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Price Taker

A market participant that is not able to dictate the prices in a market

What is a Price Taker?

A price taker, in economics, refers to a market participant that is not able to dictate the prices in a market. Therefore, a price taker must accept the prevailing market price. A price taker lacks enough market power to influence the prices of goods or services.

 

Price Takers in a Perfectly Competitive Market

Price takers emerge in a perfectly competitive market because:

  • All companies sell an identical product
  • There are a large number of sellers and buyers
  • Buyers can access information regarding the price charged by other companies
  • There are no entry or exit barriers

 

An example of a perfectly competitive market is the agricultural market. Companies operating in an agricultural market are price takers because:

  1. The goods are homogenous – A bushel produced by one farmer is identical to the bushel produced by another farmer. Therefore, there is no brand loyalty.
  2. There are a large number of buyers and sellers – There are a large number of buyers and sellers such that none of them is able to influence the market price. A farmer cannot deviate from the market price of its product without running the risk of losing significant revenue.
  3. Buyers can access perfect information – Buyers can easily obtain price information and therefore would seek out the lowest price.
  4. Ease of entry and exit – Although agricultural production offers some barriers to entry, it is not difficult to enter the market.

 

To reiterate, in a perfectly competitive market, the market determines the price.

 

Example

 

Price Taker

 

For example, the world price of wheat is set at Price* (In a perfectly competitive market, the market price is set by supply and demand). Each farm can sell as much as they desire, but will not set a price higher or lower than Price*. If a farm sets a price higher than Price*, none of the buyers will purchase from the farm. Alternatively, if the farm sets a price lower than Price*, it would not be advantageous. In perfect competition, each farm only produces a tiny fraction of the world supply of wheat and would not attract a significant amount of additional demand. The farm would be better off setting a price of Price*.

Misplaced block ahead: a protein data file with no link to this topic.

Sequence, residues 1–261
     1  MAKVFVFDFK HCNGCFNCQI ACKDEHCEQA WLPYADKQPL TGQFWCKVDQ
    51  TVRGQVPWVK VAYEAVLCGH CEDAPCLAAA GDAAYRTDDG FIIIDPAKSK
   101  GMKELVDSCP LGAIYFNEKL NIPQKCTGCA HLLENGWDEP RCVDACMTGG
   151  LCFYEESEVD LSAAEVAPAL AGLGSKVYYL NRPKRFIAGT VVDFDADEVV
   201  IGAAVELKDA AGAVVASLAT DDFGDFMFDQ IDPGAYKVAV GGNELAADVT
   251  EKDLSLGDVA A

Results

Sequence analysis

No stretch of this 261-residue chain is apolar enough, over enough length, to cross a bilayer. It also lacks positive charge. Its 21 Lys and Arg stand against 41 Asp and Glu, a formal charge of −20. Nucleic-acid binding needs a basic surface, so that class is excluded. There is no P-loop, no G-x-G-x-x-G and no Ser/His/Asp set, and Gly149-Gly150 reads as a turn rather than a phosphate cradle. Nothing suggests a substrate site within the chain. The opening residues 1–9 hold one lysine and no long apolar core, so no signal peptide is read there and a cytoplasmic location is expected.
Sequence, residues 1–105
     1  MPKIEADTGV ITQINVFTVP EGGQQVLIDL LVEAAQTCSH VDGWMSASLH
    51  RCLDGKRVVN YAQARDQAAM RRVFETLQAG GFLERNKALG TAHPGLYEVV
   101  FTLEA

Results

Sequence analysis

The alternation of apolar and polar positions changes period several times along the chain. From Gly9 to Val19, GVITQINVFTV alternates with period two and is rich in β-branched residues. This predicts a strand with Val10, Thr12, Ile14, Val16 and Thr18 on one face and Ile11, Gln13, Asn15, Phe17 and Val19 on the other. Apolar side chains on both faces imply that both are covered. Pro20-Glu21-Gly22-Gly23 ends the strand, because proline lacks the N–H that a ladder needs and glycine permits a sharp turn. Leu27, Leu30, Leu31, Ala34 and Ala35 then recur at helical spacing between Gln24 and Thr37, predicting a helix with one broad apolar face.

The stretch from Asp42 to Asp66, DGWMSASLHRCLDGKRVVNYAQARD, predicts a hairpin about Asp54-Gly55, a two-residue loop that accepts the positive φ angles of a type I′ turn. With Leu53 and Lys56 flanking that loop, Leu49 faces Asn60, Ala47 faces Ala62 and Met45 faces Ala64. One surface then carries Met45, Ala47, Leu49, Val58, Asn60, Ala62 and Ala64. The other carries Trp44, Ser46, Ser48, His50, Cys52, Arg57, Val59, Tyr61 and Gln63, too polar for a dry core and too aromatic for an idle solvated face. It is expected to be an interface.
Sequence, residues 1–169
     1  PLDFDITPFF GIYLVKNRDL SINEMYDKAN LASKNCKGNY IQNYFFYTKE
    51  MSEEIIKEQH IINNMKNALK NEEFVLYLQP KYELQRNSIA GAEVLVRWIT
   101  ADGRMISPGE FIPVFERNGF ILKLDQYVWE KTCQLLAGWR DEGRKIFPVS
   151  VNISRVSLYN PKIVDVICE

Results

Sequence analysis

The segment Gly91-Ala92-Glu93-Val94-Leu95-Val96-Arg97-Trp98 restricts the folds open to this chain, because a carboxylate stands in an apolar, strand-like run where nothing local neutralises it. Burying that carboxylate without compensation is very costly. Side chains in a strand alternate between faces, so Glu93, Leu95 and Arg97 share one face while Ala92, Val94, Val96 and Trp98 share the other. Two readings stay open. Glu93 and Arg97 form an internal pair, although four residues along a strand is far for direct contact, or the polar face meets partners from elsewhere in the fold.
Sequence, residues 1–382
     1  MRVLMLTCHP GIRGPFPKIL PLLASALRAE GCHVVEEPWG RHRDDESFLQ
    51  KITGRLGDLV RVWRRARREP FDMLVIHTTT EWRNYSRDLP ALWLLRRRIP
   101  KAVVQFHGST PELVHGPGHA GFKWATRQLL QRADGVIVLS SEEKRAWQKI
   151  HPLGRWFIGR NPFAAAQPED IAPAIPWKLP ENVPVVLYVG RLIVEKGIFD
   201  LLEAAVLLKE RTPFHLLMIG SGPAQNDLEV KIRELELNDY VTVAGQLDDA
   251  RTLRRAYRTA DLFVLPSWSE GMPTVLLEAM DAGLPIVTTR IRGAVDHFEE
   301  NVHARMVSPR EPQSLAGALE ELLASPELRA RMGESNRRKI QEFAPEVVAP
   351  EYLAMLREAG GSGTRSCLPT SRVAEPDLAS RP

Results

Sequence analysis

Therefore, the farm must only consider how much to produce based on the price set by the market. Since the price (Price*) is constant, the marginal revenue would be the same as Price*. To maximize profit, a price taker must produce at an output where the marginal revenue (MR) is equal to the marginal cost (MC). In other words, the additional revenue generated from selling wheat must be equal to the additional cost of producing that wheat.

 

Therefore, Price* = MR = MC to maximize profit.

 

Example

 

As shown in the diagram above, based on the farm’s marginal cost, the ideal output would be at Q* where MR = MC.

  • If MR > MC, the firm would produce more wheat
  • If MR < MC, the firm would produce less wheat

The price taker (the farm) would produce Q* at Price*.

The example above illustrates that in a perfectly competitive market where the price is set by supply and demand, a single company cannot influence market prices and must accept the prevailing price set by the market.

 

Price Taker vs. Price Maker

A price maker is the opposite of a price taker:

Price takers must accept the prevailing market price and sell each unit at the same market price. Price takers are found in perfectly competitive markets.

Price makers are able to influence the market price and enjoy pricing power. Price makers are found in imperfectly competitive markets such as a monopoly or oligopoly market.

 

Why a Perfectly Competitive Market is Unrealistic

It is important to note that it is hard to find a market with perfect competition (hence, a price taker market participant). For example, a large majority of products incorporate some degree of differentiation. Simple products such as bottled water vary in brand identity, purification method, etc. In addition, several markets face high start-up costs or strict government regulations, which limit the ease of entry and exit.

Therefore, is it unlikely to observe perfectly competitive markets in the economy today. The closest market that exhibits perfect competition would be the agricultural market (illustrated in the example above).

 

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